It is no secret I admire people with the courage to take risks and play in an experimental (& speculative) arena with their design work, so I am an enthusiastic follower of the work coming out of London studio MuirMcNeil.

Founded in 2010, MuirMcNeil’s the partners Paul McNeil and Hamish Muir explore the potential of 'parametric design systems to generate appropriate solutions to visual communication problems'. The design outcomes of this brave exploration are bold and beautiful modular type systems (and outstanding specimen prints). Precise mathematics, innovation and skilled craftsmanship underpin the construction, style and form of the studio's work.

In this insightful 2014 Design Boom interview Paul describes what sets their type design apart from traditional type designers "we aren’t‚ really type designers so much as designers making type... we appreciate what traditional type designers do but they often seem motivated by intrinsic details and driven by what current technologies afford. we’re more interested in the architecture of visual communication and see type design as a component of its engineering, as the bricks in the construction."

The studio's latest release is 'Cut' a stencil design inspired by typestyles from two different historical periods. Its proportions are based on the forms of rationalist typefaces produced in the late eighteenth and early nineteenth centuries such as those by Firmin Didot, Giambatista Bodoni and Robert Thorne. The sharp vertical stroke contrast of these types is pushed to an extreme in Cut, with hairline cross-strokes dissolved into open white spaces that reduce its letterforms to individual geometric segments.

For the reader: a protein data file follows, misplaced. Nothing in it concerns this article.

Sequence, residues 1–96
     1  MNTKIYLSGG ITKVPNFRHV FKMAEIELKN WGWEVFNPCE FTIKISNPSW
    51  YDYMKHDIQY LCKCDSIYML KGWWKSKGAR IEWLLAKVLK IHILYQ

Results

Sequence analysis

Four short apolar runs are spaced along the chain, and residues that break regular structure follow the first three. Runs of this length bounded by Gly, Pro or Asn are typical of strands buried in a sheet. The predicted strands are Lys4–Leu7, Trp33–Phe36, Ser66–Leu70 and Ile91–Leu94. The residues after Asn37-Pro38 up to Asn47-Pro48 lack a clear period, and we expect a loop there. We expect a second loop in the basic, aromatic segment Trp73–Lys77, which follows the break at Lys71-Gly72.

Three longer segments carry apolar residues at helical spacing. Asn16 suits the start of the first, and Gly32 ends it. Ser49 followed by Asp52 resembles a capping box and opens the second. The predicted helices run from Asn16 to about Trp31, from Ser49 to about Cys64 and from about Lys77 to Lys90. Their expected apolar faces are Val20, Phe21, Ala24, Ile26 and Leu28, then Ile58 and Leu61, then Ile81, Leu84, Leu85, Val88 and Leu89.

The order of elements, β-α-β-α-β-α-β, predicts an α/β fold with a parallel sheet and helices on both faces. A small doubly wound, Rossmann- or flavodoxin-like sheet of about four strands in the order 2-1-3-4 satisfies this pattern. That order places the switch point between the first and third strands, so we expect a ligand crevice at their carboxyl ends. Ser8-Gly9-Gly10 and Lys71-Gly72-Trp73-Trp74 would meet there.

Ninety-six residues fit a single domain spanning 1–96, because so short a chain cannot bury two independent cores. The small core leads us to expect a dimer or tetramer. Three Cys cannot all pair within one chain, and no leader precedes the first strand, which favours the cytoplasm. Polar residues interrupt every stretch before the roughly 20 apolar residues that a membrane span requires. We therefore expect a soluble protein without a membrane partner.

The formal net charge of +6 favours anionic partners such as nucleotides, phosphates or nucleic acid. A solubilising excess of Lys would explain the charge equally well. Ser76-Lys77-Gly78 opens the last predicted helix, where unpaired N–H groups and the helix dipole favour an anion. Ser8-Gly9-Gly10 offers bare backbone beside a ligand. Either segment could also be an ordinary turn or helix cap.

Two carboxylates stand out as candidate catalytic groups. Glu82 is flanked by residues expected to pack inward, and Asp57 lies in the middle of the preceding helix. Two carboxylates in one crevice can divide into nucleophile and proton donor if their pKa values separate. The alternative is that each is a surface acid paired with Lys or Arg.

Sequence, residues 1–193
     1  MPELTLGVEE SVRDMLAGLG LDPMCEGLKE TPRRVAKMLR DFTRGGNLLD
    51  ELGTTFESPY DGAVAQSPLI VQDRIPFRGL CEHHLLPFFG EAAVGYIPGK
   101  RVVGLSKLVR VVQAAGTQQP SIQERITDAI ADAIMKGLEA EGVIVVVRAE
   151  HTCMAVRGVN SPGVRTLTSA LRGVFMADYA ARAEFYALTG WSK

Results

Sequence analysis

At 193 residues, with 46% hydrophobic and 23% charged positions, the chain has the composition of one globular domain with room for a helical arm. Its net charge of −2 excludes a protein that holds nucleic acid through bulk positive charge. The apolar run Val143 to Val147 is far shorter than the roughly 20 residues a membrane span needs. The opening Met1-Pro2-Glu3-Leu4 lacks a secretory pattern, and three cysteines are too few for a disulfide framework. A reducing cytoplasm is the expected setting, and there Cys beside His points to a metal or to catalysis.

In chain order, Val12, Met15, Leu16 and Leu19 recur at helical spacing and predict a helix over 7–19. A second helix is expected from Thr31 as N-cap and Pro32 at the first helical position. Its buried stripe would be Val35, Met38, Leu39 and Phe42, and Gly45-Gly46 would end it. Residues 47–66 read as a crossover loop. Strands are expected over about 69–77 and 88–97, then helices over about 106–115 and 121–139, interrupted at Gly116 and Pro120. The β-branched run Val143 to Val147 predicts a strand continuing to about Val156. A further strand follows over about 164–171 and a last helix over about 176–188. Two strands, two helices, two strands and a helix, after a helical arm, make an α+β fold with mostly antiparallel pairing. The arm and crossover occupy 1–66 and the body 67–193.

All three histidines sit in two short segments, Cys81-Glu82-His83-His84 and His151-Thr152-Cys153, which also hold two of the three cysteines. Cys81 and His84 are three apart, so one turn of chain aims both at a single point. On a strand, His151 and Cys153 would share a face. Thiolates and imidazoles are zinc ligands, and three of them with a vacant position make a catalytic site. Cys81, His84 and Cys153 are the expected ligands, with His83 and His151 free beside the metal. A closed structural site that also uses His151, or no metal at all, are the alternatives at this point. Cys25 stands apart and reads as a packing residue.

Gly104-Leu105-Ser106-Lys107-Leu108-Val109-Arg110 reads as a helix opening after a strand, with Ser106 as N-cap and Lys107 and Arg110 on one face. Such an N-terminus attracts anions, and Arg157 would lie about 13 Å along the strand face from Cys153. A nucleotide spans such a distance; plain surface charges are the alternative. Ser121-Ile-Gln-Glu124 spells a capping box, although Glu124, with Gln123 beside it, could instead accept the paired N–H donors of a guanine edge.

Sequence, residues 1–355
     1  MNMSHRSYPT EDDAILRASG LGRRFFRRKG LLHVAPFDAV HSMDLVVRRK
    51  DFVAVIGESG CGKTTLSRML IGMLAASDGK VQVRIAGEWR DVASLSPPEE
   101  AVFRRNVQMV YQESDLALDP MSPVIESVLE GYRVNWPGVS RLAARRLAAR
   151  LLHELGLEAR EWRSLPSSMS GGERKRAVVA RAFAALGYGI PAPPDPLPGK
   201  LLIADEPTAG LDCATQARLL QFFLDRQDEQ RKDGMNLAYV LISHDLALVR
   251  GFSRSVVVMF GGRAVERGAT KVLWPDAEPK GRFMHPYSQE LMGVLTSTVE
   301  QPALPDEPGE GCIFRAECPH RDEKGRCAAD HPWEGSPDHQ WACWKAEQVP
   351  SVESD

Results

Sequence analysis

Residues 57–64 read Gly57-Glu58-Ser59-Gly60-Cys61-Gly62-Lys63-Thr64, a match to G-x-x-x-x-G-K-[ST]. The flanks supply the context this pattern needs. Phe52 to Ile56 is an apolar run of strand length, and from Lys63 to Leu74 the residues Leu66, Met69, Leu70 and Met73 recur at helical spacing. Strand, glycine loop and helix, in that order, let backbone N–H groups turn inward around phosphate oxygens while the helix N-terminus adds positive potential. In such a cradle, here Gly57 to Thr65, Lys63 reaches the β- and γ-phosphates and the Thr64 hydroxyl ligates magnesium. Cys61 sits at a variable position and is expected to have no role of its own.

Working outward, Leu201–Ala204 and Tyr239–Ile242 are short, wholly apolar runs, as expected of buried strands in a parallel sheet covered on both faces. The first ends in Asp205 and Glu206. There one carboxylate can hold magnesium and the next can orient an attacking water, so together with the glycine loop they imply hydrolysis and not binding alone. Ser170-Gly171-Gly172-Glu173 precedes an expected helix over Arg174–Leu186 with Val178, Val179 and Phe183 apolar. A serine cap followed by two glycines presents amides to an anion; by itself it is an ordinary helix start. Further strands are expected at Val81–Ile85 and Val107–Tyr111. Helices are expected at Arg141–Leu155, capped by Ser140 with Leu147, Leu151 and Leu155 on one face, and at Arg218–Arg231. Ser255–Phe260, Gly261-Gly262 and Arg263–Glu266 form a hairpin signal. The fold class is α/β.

The systematic construction of Cut’s letters is informed by typefaces created in the early twentieth century by designers like Herbert Bayer, Josef Albers and Jan Tschichold, who broke down the parts of letters into simple geometric units that could be used as structural components to build alphabets by means of scaling, reflection, repetition and redistribution. Although the typefaces produced in these historical periods appear to share few visual attributes, they can be seen as stages in the development of a common heritage that is rational, reductive, modern and elegant. The Cut design is intended to reconcile these disparate points of reference in a single form.

I love that Cut honors the geometry of the system without being a slave to it. The elements of this face have beautiful rhythm. It is a smart and elegant design outcome from a duo of talented and passionate designers I hold in very high regard. Cut is available from http://www.muirmcneil.com/shop/ as an OpenType display family in three weights. Light, Regular and Bold.

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